BHA: The National Toxicology Program classifies butylated hydroxyanisole (BHA) as “reasonably anticipated to be a human carcinogen.” … read more It can cause skin depigmentation. In animal studies, BHA produces liver damage and causes stomach cancers such as papillomas and carcinomas and interferes with normal reproductive system development and thyroid hormone levels. The European Union considers it unsafe in fragrance. It is found in food, food packaging, and personal care products sold in the U.S.
Coal tar hair dyes and other coal tar ingredients (including Aminophenol, Diaminobenzene, Phenylenediamine): Coal tar, a byproduct of coal processing, is a known human carcinogen… read more, according to the National Toxicology Program and the International Agency for Research on Cancer. Hair stylists and other professionals are exposed to these chemicals in hair dye almost daily. While FDA sanctions coal tar in specialty products such as dandruff and psoriasis shampoos, the long-term safety of these products has not been demonstrated.
DMDM hydantoin & bronopol (2-Bromo-2-nitropropane-1,3-diol): Cosmetics preservatives that decompose and release formaldehyde… read more, which the International Agency on Research on Cancer lists as a known human carcinogen. The preservatives and their decomposition products, including formaldehyde, can trigger allergic reactions. About one-fifth of U.S. cosmetics and personal care products contain a chemical that releases formaldehyde. Not surprisingly, more Americans develop contact allergies to these ingredients than Europeans.
Formaldehyde: A potent preservative considered a known human carcinogen by the International Agency on Research on Cancer.… read more Formaldehyde, also an asthmagen, neurotoxicant and developmental toxicant, was once mixed into to many personal care products as antiseptic. This use has declined. But some hair straighteners are based on formaldehyde’s hair-stiffening action and release substantial amounts of the chemical. Many common preservatives also release formaldehyde into products (like DMDM hydantoin, quaternium, and urea compounds).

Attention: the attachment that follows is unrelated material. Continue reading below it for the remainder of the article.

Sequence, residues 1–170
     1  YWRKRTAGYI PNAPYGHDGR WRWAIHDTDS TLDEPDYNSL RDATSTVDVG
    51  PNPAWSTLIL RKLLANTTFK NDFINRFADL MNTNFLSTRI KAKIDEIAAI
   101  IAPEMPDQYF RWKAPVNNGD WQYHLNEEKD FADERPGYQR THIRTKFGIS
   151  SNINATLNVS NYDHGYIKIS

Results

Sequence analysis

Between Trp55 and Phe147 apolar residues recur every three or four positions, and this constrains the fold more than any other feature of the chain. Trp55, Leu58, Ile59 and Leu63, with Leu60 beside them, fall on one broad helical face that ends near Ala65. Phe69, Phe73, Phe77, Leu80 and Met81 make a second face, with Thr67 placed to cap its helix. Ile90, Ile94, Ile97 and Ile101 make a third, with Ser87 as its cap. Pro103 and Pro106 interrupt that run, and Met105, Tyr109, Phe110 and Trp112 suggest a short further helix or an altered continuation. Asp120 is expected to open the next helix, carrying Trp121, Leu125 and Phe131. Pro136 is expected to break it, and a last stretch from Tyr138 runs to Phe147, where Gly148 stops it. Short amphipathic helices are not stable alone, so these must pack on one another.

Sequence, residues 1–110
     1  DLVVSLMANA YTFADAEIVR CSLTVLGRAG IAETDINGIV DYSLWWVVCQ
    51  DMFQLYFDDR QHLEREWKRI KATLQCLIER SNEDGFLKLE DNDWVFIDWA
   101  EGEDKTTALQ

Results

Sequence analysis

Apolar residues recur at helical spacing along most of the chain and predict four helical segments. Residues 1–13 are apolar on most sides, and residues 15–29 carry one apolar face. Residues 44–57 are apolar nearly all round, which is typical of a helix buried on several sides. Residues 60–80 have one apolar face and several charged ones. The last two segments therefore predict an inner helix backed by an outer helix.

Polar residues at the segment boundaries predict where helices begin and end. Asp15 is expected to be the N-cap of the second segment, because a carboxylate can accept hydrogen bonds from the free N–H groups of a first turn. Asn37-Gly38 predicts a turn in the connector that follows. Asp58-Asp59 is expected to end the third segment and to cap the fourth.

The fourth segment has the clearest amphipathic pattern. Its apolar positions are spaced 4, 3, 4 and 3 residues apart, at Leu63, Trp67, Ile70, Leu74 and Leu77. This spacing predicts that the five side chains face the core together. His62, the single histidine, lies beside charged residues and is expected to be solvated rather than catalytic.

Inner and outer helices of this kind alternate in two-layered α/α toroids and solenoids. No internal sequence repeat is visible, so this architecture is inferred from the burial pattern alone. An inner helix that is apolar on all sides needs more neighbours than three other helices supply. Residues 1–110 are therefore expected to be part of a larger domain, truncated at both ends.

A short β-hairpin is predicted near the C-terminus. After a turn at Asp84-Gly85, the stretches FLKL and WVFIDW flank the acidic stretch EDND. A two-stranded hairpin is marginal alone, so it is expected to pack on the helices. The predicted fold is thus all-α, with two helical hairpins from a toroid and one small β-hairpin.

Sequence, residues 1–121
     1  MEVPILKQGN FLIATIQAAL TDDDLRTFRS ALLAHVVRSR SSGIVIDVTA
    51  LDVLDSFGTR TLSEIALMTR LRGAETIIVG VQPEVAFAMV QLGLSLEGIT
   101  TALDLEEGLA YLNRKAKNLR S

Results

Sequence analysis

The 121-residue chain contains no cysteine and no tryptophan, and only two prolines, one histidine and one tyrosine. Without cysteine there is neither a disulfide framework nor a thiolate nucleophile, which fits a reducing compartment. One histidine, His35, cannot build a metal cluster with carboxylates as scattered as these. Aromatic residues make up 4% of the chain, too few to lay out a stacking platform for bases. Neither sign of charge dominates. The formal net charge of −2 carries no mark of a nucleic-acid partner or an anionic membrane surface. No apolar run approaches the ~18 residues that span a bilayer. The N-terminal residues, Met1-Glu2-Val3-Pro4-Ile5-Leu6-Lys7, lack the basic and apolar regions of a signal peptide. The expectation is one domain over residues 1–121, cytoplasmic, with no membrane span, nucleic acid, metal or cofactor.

Fragrance: It may help sell products from face cream to laundry detergent, but do you know what’s in it? … read more Fragrances are in everything from shampoo to deodorant to lotion. Federal law doesn’t require companies to list on product labels any of the chemicals in their fragrance mixture. Recent research from EWG and the Campaign for Safe Cosmetics found an average of 14 chemicals in 17 name brand fragrance products, none of them listed on the label. Fragrances can contain hormone disruptors and are among the top 5 allergens in the world. Our advice? Buy fragrance free.
Hydroquinone: A skin bleaching chemical that can cause a skin disease … read more called ochronosis, with blue-black lesions that in the worst cases become permanent black caviar-size bumps. In animal studies, hydroquinone has caused tumor development. The National Toxicology Program is conducting reproductive toxicity and dermal carcinogenicity studies of this chemical.
Methylisothiazolinone and methylchloroisothiazolinone: Preservatives, commonly used together in personal care products, among the most common irritants, sensitizers and causes of contact allergy … read more Lab studies on mammalian brain cells suggest that methylisothiazolinone may be neurotoxic.